Wednesday, May 24, 2006

Beautiful Dreamer

This is a drawing of the great Harlem Renaissance poet Langston Hughes by artist Winold Reiss. If you are unfamiliar with the work of Langston Hughes (or even if you are familiar) it's well worth your time to read some of his poetry. The poems appear very simple and uncomplicated on first glance, but as you get deeper into each poem, or have a chance to mull it over even for a couple of moments, you realize that Hughes has a way with language and an eye for culture that boggles the mind and pierces the soul.

Hughes had a writing career that spanned 5 decades, with a body of work including not only poetry, but also plays, prose and translations. On May 22, 1967, Hughes died from complications from prostate cancer.

The Negro Speaks of Rivers
I've known rivers:
I've known rivers ancient as the world and older than the
flow of human blood in human veins.

My soul has grown deep like the rivers.

I bathed in the Euphrates when dawns were young.
I built my hut near the Congo and it lulled me to sleep.
I looked upon the Nile and raised the pyramids above it.
I heard the singing of the Mississippi when Abe Lincoln
went down to New Orelans, and I've seen its muddy
bosom turn all golden in the sunset.

I've known rivers:
Ancient, dusky rivers.

My soul has grown deep like the rivers.

~~~
Theme for English B
The instructor said,

Go home and write
a page tonight.
And let that page come out of you--
Then, it will be true.


I wonder if it's that simple?
I am twenty-two, colored, born in Winston-Salem.
I went to school there, then Durham, then here
to this college on the hill above Harlem.
I am the only colored student in my class.
The steps from the hill lead down into Harlem,
through a park, then I cross St. Nicholas,
Eighth Avenue, Seventh, and I come to the Y,
the Harlem Branch Y, where I take the elevator
up to my room, sit down, and write this page:

It's not easy to know what is true for you or me
at twenty-two, my age. But I guess I'm what
I feel and see and hear, Harlem, I hear you:
hear you, hear me--we two--you, me talk on this page.
(I hear New York, too.) Me--who?
Well, I like to eat, sleep, drink and be in love.
I like to work, read, learn and understand life
I like a pipe for a Christmas present,
or records--Bessie, bop, or Bach.
I guess being colored doesn't make me not like
the same things other folks like who are other races.
So will my page be colored that I write?

Being me, it will not be white.
But it will be
a part of you, instructor.
You are white--
yet a part of me, as I am a part of you.
That's American.
Sometimes perhaps you don't want to be a part of me.
Nor do I often want to be a part of you.
But we are, that's true!
As I learn from you,
I guess you learn from me--
although you are older--and white--
and somewhat more free.

This is my page for English B.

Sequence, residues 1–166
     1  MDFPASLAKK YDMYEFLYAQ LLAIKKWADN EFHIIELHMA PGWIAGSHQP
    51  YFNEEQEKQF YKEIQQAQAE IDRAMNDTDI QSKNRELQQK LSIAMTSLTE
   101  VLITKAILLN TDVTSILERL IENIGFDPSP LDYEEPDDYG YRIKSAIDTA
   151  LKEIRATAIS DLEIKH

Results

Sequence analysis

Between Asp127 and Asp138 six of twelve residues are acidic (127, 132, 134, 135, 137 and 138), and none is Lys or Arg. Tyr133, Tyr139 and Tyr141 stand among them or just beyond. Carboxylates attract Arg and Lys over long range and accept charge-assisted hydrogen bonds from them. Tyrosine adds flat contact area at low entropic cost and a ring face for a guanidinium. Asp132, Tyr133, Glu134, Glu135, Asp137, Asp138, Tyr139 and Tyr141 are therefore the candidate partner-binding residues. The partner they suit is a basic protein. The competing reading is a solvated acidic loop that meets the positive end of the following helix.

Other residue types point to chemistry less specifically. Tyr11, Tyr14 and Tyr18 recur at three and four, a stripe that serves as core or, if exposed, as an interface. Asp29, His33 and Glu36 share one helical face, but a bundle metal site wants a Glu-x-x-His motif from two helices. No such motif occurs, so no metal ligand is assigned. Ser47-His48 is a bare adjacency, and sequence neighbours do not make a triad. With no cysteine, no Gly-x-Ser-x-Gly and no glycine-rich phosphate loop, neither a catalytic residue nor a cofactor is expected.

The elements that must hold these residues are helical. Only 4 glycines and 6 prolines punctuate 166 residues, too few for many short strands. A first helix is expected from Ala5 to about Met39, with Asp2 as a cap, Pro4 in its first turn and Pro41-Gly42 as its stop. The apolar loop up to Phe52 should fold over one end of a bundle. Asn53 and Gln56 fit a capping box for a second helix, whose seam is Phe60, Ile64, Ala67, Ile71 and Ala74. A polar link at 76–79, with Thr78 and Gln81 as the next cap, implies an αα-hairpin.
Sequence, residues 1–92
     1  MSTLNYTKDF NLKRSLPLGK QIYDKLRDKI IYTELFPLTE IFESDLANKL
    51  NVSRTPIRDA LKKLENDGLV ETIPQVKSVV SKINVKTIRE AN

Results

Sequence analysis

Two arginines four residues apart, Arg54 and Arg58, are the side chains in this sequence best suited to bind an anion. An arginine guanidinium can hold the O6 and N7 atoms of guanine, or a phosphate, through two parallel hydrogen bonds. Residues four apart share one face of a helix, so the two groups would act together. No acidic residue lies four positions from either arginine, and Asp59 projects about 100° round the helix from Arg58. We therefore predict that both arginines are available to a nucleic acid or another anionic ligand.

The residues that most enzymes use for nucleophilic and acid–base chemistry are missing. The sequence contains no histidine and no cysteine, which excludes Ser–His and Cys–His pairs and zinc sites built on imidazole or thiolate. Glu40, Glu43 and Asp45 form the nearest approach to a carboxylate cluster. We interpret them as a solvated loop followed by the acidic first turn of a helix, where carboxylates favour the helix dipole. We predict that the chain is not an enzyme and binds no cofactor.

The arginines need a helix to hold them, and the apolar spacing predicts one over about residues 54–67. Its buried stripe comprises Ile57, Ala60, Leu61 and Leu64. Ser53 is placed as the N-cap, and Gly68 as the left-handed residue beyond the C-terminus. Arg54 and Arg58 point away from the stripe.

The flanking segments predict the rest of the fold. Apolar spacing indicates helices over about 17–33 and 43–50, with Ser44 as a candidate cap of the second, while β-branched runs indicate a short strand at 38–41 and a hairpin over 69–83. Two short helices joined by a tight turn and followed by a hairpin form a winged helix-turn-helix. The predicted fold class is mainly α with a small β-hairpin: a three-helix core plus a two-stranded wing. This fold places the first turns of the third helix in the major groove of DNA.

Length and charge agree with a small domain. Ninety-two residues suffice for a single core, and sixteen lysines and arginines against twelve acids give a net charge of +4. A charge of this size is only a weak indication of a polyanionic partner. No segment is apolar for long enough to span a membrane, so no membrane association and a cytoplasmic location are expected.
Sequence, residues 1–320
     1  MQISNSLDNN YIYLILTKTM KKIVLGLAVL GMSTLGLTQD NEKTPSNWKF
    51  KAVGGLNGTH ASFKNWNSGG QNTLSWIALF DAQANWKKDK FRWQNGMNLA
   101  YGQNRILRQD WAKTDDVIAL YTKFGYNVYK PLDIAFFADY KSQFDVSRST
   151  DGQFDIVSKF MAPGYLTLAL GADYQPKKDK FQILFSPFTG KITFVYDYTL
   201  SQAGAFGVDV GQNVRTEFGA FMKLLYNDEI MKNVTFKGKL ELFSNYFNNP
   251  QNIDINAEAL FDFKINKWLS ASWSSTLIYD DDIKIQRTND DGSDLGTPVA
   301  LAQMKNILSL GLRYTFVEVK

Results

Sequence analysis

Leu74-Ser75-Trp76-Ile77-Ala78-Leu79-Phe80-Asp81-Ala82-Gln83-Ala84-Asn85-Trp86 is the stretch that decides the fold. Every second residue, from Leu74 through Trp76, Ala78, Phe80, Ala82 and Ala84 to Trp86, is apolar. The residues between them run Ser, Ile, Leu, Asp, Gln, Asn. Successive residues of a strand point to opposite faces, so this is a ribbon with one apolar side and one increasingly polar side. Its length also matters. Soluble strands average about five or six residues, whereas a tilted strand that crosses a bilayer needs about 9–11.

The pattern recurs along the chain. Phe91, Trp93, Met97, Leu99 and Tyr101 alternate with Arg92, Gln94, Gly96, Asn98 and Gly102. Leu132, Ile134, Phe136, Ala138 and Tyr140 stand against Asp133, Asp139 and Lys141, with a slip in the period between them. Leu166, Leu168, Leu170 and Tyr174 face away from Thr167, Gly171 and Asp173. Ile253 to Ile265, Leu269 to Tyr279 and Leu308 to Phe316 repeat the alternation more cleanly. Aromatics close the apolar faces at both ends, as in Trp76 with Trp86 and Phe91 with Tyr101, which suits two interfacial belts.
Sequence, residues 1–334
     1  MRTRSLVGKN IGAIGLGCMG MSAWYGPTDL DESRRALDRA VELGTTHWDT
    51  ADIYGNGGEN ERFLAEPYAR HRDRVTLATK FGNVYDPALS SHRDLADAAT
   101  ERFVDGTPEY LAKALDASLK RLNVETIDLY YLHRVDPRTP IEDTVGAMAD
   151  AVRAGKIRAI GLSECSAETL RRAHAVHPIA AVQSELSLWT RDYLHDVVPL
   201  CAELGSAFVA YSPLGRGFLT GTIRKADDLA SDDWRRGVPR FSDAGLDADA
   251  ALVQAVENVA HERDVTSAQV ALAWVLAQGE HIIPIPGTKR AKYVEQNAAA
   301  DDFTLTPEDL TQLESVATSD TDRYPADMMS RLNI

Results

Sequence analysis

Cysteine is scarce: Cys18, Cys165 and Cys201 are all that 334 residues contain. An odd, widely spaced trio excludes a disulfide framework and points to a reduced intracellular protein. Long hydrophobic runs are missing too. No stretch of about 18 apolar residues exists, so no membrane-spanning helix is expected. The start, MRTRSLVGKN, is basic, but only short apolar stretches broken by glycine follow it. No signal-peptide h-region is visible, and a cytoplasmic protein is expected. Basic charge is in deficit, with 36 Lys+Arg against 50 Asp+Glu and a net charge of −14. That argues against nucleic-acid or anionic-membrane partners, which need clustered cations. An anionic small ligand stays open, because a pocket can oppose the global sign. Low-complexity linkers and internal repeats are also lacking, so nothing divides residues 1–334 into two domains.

~~~
Night Funeral in Harlem
Night funeral
In Harlem: Where did they get
Them two fine cars?

Insurance man, he did not pay--
His insurance lapsed the other day--
Yet they got a satin box
for his head to lay.
Night funeral
In Harlem:

Who was it sent
That wreath of flowers?

Them flowers came
from that poor boy's friends--
They'll want flowers, too,
When they meet their ends.

Night funeral
in Harlem:

Who preached that
Black boy to his grave?

Old preacher man
Preached that boy away--
Charged Five Dollars
His girl friend had to pay.

Night funeral
In Harlem:

When it was all over
And the lid shut on his head
and the organ had done played
and the last prayers been said
and six pallbearers
Carried him out for dead
And off down Lenox Avenue
That long black hearse done sped,
The street light
At his corner
Shined just like a tear--
That boy that they was mournin'
Was so dear, so dear
To them folks that brought the flowers,
To that girl who paid the preacher man--
It was all their tears that made
That poor boy's
Funeral grand.

Night funeral
In Harlem.

~~~
Madam and the Phone Bill
You say I O.K.ed
LONG DISTANCE?
O.K.ed it when?
My goodness, Central
That was then!

I'm mad and disgusted
With that Negro now.
I don't pay no REVERSED
CHARGES nohow.

You say, I will pay it--
Else you'll take out my phone?
You better let
My phone alone.

I didn't ask him
To telephone me.
Roscoe knows darn well
LONG DISTANCE
Ain't free.

If I ever catch him,
Lawd, have pity!
Calling me up
From Kansas City.

Just to say he loves me!
I knowed that was so.
Why didn't he tell me some'n
I don't know?

For instance, what can
Them other girls do
That Alberta K. Johnson
Can't do--and more, too?

What's that, Central?
You say you don't care
Nothing about my
Private affair?
Well, even less about your
PHONE BILL, does I care!

Un-humm-m! . . . Yes!
You say I gave my O.K.?
Well, that O.K. you may keep--

But I sure ain't gonna pay!

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